12 DECEMBER 1885, Page 3

In the meeting of Convocation, held on Tuesday in the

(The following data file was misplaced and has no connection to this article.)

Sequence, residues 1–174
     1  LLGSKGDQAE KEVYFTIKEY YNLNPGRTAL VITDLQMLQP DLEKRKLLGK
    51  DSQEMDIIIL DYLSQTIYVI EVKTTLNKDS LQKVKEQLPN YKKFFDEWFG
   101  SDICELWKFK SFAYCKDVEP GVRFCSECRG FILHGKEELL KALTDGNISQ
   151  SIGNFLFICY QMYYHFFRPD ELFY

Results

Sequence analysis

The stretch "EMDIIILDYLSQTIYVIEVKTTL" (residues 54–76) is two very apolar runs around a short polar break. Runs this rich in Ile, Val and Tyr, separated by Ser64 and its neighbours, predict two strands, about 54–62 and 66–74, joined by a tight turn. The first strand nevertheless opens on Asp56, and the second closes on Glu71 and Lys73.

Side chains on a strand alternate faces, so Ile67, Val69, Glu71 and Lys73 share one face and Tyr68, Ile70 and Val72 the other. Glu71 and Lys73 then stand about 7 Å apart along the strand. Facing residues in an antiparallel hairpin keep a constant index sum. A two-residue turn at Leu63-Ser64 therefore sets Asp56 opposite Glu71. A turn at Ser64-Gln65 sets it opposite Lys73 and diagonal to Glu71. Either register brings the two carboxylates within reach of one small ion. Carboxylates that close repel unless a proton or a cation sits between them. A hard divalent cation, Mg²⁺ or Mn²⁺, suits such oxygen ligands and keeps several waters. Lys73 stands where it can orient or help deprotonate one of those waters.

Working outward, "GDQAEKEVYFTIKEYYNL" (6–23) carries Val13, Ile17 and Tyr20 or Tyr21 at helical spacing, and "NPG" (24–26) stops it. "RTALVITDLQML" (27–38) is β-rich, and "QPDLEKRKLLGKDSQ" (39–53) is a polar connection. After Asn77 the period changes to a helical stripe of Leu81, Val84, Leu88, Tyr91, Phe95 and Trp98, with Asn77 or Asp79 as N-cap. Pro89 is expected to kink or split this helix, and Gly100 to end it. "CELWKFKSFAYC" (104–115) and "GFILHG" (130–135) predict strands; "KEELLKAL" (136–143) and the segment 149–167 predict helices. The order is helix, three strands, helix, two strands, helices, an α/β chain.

'University of London, Mr. Magnus's Committee to reopen the question of reform was carried, and constituted of twenty-five members. The discussion, however, was in the highest degree unsatisfactory and unbusines.slike ; and while we do not disagree on the whole with the views held by Mr. Magnus, and think that they may well form the basis of a practicable scheme of reform, we would earnestly represent to him, that nothing is more needed, if the House of Convocation is to take a new and more responsible part in the government of the University, than some change in the conditions under which these discus- sions take place. Within the last three years Convocation has degenerated steadily and strikingly as a deliberative assembly, and we are strongly inclined to think that if it is to resume its older and more weighty attitude, there should be some sub- stantial fee imposed on the members who take part in its deliberations, and also a 'complete abolition of the power of voting by proxy for the election of members of the Senate. London University is the only University in England in which graduates can take part without paying a very substantial annual contribution towards the funds of their University in return for the privilege they enjoy. Nor does their comparative exemption work well. There is too much of the windy debating society about the recent debates of Convocation, and we strongly recommend Mr. Magnus to include in the deliberations of his committee some serious consideration of the best means of bringing Convocation,—if it is to undertake more serious duties,—to a sense of the heavy responsibilities it desires to undertake.